We ordered ourselves a bowl of noodles and broth each, plus an order of the Jidori chicken off the protein section to share. Typically, noodle establishments offer many different combinations of noodles, broth, and condiments (tonkotsu vs shoyu vs tsukemen for example), which comprise your entire meal. At Bone Kettle, everyone’s bowl of noodles is the same. Variety come from the large selection of appetizers and protein plates they have on offer to complement their piece de resistance. It’s definitely an interesting concept that lends itself to a more upscale type of restaurant, of which Bone Kettle most definitely is, compared to Saigon Noodle down the street.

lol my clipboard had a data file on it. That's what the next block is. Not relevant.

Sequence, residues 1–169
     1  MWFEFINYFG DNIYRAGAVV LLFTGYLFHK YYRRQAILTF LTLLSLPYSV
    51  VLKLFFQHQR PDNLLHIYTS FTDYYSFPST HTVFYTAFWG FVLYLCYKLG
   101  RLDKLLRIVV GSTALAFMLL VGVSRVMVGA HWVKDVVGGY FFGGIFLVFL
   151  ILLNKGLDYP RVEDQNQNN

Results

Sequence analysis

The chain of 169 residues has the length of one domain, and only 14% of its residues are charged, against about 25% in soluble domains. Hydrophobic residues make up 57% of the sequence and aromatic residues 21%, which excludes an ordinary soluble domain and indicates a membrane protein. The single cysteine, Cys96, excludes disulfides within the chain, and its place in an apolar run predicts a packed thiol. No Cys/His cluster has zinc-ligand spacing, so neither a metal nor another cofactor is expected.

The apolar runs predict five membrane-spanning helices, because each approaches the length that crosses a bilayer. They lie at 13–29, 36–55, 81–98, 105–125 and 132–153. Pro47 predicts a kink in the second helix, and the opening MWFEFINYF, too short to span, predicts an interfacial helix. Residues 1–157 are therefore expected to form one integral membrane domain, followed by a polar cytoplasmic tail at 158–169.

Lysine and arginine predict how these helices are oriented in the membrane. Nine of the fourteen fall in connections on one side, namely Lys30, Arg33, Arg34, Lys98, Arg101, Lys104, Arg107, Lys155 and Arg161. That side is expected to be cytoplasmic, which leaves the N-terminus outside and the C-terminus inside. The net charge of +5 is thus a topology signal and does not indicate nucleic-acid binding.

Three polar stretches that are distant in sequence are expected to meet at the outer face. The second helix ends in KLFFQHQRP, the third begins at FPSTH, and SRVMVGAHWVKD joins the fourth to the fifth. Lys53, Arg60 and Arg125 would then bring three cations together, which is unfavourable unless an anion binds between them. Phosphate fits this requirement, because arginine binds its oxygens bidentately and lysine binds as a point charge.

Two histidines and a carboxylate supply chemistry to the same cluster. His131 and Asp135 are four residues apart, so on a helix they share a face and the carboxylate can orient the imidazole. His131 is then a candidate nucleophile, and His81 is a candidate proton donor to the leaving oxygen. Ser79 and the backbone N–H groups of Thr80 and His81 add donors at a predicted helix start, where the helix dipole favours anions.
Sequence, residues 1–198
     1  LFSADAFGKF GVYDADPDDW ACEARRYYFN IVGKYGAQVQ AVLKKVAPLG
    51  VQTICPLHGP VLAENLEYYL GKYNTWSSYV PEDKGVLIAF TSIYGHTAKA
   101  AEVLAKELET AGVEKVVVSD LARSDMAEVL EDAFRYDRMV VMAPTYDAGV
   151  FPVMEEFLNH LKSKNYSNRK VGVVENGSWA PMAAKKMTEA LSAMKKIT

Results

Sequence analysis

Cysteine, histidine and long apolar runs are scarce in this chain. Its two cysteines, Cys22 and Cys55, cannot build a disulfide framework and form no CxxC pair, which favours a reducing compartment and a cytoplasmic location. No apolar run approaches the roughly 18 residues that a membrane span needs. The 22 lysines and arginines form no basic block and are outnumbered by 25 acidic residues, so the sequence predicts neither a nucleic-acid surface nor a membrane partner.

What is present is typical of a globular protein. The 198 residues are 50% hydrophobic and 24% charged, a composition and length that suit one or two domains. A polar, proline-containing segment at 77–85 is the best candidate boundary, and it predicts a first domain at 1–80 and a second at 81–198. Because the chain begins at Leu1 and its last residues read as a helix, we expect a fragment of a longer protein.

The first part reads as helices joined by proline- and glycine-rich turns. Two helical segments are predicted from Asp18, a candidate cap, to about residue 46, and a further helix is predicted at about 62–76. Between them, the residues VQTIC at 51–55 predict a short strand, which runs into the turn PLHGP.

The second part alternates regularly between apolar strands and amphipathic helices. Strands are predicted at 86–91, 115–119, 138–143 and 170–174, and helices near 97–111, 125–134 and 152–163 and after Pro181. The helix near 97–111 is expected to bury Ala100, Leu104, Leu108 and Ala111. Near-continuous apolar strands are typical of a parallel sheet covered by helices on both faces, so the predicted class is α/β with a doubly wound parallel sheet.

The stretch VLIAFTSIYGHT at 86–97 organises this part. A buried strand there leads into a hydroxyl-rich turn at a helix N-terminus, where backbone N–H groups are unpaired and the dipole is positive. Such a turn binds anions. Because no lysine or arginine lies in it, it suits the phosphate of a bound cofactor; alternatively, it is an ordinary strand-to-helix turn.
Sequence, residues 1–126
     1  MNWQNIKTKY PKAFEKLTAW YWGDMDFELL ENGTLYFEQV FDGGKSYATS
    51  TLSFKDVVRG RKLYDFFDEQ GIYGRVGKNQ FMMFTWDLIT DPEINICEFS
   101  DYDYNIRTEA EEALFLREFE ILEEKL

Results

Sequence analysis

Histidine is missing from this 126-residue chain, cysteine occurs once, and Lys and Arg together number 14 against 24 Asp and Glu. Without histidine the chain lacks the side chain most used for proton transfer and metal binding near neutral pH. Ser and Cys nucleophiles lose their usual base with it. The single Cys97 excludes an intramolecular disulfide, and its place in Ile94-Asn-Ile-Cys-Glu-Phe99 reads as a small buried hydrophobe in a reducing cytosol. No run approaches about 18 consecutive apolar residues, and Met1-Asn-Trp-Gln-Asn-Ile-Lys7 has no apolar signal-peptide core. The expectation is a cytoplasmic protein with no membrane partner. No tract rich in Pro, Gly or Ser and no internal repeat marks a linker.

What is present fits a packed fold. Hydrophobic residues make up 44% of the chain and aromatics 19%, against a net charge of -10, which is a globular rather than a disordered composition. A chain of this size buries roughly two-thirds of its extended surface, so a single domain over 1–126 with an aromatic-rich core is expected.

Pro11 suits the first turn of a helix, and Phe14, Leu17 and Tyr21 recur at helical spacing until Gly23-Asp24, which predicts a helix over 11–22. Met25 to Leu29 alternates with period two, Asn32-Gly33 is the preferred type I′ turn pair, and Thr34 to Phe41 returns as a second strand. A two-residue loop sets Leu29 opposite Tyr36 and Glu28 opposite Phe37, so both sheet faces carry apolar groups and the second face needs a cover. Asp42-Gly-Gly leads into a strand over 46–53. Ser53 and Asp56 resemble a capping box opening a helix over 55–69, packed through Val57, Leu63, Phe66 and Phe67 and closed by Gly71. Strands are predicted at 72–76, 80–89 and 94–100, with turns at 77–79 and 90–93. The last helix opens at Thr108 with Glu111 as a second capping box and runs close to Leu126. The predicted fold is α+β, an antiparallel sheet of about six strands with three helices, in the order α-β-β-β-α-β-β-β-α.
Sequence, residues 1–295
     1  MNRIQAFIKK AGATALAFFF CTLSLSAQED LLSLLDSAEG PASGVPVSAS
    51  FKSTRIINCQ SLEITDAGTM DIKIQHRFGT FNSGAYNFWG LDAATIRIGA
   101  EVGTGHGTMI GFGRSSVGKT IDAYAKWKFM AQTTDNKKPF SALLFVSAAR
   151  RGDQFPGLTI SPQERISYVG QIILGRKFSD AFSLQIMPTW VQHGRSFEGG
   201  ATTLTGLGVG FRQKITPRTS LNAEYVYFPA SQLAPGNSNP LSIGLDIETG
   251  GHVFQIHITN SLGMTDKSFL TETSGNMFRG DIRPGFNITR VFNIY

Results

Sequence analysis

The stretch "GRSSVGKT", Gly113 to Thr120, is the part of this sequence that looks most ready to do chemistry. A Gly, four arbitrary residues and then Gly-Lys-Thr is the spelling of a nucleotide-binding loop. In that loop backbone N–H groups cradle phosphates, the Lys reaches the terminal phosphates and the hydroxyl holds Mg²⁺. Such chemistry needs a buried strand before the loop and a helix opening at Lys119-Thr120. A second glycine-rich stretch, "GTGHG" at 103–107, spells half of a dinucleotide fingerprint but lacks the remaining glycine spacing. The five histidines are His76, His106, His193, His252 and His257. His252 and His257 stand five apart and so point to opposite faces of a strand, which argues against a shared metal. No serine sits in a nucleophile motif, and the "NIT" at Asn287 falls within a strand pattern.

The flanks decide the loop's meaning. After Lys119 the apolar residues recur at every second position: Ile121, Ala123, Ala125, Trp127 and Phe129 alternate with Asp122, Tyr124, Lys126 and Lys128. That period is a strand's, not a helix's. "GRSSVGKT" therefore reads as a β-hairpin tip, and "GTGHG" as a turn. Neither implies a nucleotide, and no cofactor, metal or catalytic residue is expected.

Upon receiving our bowls of noodles, the rich fragrance of the broth hits us in the face full force, which amplifies our ravenous appetites. We immediately dig in. The broth is somewhere between a clear shoyu broth and a tonkotsu broth. It is rich and fatty with a slight undertone of sweetness. Our initial exclamations of delight were soon tempered by the fact that the noodles were almost raw. They were very doughy and chewy, texture-wise. I was less bothered by this, as the noodles are advertised as ‘al dente’. Mengsha just looked at me like I was crazy. “This is not what al dente noodles should taste like”.
The Jidori chicken was definitely some of the best chicken we’d ever sampled. The meat was supremely moist, tender, and robust in flavor; a worthy compliment to the oomph of the bone broth.